Kelly Roche finally got Kerry/ Donegal motoring with a fine long range effort. Indeed the industrious midfielder was the perfect link player as she set up chances as well as hitting the target frequently herself. They now had the momentum as veteran Denise Dunnion pounced on a wayward clearance to blast over but it could also have been a major score.
The post denied the combo outfit another score but Roche landed another fine effort from distance. However Fermanagh were soon back in front as Redmond was grounded in the penalty area with Cunningham blasting the spot kick to the net. A few former GAA stalwarts questioned the legitimacy of the score as the taker had buried the rebound from the crossbar.
Ah they were just displaying their vintage more rather than their knowledge of the rules of Gaelic football. Even those from the Kingdom nation have to stay up to date. Kerry/Donegal responded with a point and stepped up their performance markedly for the remainder of the half as Michelle McVann and Kelly Roche held sway in the middle and Jennifer Moran and Amanda McGovern made telling runs from the back. With a goal from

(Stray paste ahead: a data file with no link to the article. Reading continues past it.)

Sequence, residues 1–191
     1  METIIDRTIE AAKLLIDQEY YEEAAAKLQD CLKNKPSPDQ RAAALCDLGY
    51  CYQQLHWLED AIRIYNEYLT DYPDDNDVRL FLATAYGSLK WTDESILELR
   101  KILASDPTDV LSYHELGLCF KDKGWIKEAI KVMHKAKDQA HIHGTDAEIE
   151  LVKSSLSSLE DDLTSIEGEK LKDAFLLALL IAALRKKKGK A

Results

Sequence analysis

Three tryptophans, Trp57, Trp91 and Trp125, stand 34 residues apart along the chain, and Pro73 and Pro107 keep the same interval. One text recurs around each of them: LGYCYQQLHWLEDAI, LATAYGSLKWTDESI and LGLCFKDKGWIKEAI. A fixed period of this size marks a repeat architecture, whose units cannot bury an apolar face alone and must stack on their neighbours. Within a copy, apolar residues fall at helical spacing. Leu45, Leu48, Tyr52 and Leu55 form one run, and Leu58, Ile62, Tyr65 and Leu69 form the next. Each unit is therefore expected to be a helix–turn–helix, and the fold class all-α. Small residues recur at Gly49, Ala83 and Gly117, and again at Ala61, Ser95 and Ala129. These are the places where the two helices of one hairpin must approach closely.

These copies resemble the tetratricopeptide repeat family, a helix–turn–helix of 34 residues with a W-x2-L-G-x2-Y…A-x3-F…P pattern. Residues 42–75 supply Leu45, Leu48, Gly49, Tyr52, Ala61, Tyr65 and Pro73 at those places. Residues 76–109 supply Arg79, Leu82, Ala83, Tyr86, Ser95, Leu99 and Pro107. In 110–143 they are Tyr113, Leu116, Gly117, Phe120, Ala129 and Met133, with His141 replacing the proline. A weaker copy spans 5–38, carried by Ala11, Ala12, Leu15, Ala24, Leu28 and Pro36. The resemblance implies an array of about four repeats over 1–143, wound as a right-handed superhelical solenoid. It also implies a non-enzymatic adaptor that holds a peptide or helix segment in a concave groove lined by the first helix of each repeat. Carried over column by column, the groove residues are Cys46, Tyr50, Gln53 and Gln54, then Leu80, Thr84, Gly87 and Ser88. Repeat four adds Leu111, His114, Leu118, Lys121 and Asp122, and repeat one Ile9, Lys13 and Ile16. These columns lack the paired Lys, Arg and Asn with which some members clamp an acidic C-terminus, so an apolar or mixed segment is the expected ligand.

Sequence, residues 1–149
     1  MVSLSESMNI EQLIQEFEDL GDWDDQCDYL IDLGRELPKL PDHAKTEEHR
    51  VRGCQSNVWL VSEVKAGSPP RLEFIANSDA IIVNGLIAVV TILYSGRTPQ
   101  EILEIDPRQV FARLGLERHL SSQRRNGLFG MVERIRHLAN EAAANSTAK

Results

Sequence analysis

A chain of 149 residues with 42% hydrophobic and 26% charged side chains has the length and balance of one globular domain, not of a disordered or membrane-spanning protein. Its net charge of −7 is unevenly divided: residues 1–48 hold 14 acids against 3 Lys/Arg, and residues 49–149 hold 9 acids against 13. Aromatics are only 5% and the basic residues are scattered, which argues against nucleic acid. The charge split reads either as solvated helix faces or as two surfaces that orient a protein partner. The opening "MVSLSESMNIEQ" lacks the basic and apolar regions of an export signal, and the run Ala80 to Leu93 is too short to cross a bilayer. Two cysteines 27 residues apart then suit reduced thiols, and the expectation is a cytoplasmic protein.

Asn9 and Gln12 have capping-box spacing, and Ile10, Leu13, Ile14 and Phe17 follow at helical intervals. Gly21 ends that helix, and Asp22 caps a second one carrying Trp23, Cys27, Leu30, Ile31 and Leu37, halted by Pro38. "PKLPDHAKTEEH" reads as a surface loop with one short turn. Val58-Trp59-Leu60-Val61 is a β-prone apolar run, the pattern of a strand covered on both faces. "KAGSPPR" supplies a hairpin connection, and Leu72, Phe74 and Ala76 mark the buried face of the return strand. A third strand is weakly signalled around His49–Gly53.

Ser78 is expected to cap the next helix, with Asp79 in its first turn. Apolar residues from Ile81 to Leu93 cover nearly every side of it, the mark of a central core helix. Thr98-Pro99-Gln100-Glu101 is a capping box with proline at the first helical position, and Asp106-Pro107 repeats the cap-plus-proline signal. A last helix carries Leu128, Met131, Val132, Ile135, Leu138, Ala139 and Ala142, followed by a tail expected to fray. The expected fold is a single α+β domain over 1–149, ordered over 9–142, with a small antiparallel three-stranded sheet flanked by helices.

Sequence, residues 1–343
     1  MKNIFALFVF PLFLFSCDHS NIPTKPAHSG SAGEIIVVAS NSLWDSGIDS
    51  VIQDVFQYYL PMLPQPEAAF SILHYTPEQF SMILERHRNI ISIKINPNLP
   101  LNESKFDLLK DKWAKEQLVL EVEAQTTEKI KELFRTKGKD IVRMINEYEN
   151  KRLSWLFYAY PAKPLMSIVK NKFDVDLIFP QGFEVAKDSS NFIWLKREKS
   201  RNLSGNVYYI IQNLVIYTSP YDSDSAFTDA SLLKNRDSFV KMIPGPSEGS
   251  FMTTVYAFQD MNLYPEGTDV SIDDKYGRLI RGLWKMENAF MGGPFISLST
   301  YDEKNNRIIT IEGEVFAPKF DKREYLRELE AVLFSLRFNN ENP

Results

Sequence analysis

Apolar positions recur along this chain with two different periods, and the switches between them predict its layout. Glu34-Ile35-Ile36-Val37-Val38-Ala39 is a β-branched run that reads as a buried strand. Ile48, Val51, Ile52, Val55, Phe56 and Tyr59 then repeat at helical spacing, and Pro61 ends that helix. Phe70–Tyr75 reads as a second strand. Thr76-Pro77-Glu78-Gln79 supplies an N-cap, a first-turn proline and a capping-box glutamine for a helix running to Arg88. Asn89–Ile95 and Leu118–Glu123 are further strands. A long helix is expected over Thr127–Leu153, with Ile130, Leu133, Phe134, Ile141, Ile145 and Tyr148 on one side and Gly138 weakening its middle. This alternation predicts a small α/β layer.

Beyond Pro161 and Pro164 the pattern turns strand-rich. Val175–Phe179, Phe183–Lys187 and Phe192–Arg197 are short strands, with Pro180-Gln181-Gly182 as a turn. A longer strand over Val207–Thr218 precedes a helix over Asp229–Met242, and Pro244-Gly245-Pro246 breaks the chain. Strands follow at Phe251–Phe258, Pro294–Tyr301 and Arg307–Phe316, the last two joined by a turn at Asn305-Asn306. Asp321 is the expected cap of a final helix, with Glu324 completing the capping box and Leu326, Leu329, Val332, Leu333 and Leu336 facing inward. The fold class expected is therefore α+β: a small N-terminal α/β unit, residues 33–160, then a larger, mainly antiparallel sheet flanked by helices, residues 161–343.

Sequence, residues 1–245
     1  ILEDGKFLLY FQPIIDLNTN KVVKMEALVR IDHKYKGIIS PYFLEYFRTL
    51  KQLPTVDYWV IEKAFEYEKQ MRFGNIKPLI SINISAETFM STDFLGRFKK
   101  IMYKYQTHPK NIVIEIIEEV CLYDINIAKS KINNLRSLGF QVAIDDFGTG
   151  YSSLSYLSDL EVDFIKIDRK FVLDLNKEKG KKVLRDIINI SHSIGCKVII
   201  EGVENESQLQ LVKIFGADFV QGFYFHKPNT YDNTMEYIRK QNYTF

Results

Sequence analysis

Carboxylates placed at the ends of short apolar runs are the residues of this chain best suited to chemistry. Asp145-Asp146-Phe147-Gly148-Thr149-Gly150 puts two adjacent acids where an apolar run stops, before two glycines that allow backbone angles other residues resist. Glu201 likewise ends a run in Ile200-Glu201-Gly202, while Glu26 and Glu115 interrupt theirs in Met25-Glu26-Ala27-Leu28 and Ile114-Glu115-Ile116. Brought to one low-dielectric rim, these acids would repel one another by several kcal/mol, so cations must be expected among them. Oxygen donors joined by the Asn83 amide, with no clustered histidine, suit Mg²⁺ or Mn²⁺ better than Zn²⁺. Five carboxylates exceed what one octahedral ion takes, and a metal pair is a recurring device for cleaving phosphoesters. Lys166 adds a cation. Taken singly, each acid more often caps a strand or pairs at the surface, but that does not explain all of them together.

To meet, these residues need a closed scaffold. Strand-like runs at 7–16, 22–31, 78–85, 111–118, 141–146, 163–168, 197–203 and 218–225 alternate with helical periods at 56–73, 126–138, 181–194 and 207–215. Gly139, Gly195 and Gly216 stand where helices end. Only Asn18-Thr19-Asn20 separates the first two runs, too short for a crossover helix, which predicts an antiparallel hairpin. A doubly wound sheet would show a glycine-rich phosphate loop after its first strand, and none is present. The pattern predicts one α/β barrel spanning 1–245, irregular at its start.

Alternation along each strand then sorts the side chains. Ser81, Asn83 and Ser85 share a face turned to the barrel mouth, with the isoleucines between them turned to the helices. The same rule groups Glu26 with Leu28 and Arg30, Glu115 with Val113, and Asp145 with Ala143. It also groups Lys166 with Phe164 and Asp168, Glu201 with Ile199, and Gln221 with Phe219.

Niamh Britton, Kerry/Donegal looked to be heading in with a lead at the break but Fermanagh’s Caitlin McGuigan blasted in a goal, after the first attempt was well saved by keeper Power to level the game on the cusp of the short whistle.
Fermanagh started impressively on the resumption adding two quick points, courtesy of a free from Levine after she was fouled and the
other from Redmond, but for the next quarter Kerry/Donegal dictated matters as they appeared much fitter and their support play was more effective. With goals, one from Britton and the other from Dunnion, plus a trio of points, the combo were ahead by seven with ten minutes left.